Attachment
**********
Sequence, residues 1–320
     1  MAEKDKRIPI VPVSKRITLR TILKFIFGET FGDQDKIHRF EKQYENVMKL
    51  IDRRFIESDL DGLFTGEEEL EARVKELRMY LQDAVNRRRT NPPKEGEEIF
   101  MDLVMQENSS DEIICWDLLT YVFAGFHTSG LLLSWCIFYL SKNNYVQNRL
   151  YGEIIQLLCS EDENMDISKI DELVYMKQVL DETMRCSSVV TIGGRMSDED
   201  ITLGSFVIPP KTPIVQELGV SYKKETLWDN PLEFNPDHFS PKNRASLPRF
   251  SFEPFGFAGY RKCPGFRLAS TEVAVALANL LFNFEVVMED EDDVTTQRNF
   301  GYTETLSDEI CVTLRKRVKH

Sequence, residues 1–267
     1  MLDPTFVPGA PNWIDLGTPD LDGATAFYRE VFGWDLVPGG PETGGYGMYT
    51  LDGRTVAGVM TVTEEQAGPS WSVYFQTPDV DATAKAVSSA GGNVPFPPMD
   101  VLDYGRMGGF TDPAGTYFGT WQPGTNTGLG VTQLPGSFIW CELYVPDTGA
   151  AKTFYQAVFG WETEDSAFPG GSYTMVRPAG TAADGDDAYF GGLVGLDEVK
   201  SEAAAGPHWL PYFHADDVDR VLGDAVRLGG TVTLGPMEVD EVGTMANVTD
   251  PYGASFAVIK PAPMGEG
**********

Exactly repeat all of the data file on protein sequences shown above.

Sequence, residues 1–320
     1  MAEKDKRIPI VPVSKRITLR TILKFIFGET FGDQDKIHRF EKQYENVMKL
    51  IDRRFIESDL DGLFTGEEEL EARVKELRMY LQDAVNRRRT NPPKEGEEIF
   101  MDLVMQENSS DEIICWDLLT YVFAGFHTSG LLLSWCIFYL SKNNYVQNRL
   151  YGEIIQLLCS EDENMDISKI DELVYMKQVL DETMRCSSVV TIGGRMSDED
   201  ITLGSFVIPP KTPIVQELGV SYKKETLWDN PLEFNPDHFS PKNRASLPRF
   251  SFEPFGFAGY RKCPGFRLAS TEVAVALANL LFNFEVVMED EDDVTTQRNF
   301  GYTETLSDEI CVTLRKRVKH

Sequence, residues 1–267
     1  MLDPTFVPGA PNWIDLGTPD LDGATAFYRE VFGWDLVPGG PETGGYGMYT
    51  LDGRTVAGVM TVTEEQAGPS WSVYFQTPDV DATAKAVSSA GGNVPFPPMD
   101  VLDYGRMGGF TDPAGTYFGT WQPGTNTGLG VTQLPGSFIW CELYVPDTGA
   151  AKTFYQAVFG WETEDSAFPG GSYTMVRPAG TAADGDDAYF GGLVGLDEVK
   201  SEAAAGPHWL PYFHADDVDR VLGDAVRLGG TVTLGPMEVD EVGTMANVTD
   251  PYGASFAVIK PAPMGEG